Dale Earnhardt Jr.’s car for Saturday’s Xfinity Series race at Darlington Raceway. The car pays tribute to the first car his father raced in the Cup Series in 1975. (Photo: JR Motorsports)

“I picked this weekend solely for the throwback experience,” Earnhardt said on SiriusXM NASCAR Radio. “When we were there last year as broadcasters, I was like this is so much fun, this would be a great race to run on my schedule if I get a race and here we are.

“Then I went to run some laps at Darlington. (JR Motorsports driver) Noah Gragson was there testing our cars, and I went there just to run about 10 or 20 laps just to check some boxes for me personally. I didn’t want to take away from Noah’s opportunity to understand the track and learn. I just wanted a few laps. I ran about 20 laps. It was hot, miserable, hard. I was slow.

“Although I know I can go out there and do it, I’m not quite sure exactly how well I can do it. I picked a very, very challenging race to run.”

The field includes Cup drivers Denny Hamlin, who has won the Darlington Xfinity race five times, and Ryan Blaney.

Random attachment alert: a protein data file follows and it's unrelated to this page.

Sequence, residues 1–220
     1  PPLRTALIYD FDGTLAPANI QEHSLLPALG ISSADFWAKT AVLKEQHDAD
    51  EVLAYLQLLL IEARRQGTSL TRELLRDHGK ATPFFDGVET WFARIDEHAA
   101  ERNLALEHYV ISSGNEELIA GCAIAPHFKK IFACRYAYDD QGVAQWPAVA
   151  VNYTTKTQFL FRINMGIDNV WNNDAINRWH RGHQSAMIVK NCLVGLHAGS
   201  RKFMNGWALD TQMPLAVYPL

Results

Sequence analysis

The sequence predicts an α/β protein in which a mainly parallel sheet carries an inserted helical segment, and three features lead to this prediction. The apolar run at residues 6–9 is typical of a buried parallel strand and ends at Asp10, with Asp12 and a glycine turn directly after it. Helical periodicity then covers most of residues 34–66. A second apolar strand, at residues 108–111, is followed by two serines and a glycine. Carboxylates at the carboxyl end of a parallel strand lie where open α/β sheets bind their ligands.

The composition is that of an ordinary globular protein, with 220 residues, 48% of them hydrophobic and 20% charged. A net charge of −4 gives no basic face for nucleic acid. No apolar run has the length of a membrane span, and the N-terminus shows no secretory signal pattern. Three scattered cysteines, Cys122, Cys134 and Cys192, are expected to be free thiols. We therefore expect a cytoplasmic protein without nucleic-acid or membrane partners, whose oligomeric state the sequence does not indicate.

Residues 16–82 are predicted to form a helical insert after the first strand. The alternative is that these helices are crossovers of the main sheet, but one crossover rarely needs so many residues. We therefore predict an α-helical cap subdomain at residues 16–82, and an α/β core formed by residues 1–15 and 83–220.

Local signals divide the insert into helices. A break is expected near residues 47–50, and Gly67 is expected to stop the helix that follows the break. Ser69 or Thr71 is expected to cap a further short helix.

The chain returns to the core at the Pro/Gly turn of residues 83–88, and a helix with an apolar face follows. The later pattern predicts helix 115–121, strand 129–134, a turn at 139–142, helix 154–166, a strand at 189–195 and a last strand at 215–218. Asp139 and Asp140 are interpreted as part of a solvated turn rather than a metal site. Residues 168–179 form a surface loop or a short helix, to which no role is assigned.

“It’s going to be a hard race to win, much less to run in the top 10,” Earnhardt said. “I don’t know where to really put my expectations or my personal goals.”

But even having to compete against such a field, including Xfinity title contenders Christopher Bell, Tyler Reddick and Cole Custer, the weekend is a good opportunity for Earnhardt to celebrate his father.

The younger Earnhardt will drive a car that looks similar to the one his father drove for his Cup debut.

“I think the one thing that is fun about this whole experience is to be able to draw attention to the paint scheme, the story behind the paint scheme,” he said. “Not only is it dad’s first race in the Cup series in 1975 at Charlotte but the family behind the car and the story about how dad got into the car.

“(The 1975) car was owned by Ed Negre. Dad and Norman Negre, Ed’s son, were friends. Dad and Norman got the nerve up and go to Ed and say, ‘Ed, this car is sitting in the back of your shop and we’d love to take it to Charlotte and try to run that race.’ He at first was real reluctant and finally goes, ‘Whatever, you guys take it.’ They go and qualify and make the race.”

Earnhardt said on “Beyond Racing” that sponsor Hellmann’s has an option to sponsor him in a car for a race next year.

Earnhardt said he will focus on his car Friday and Saturday and will not be a part of the NBC Sports broadcast crew those days. He said he will return to the booth for Sunday’s Southern 500, which airs at 6 p.m. ET on NBCSN. Earnhardt said he will be in the booth with Kyle Petty and Dale Jarrett during the race’s second stage to call the action and share stories.

Mother of Dale Earnhardt Jr. and Kelley Earnhardt Miller dies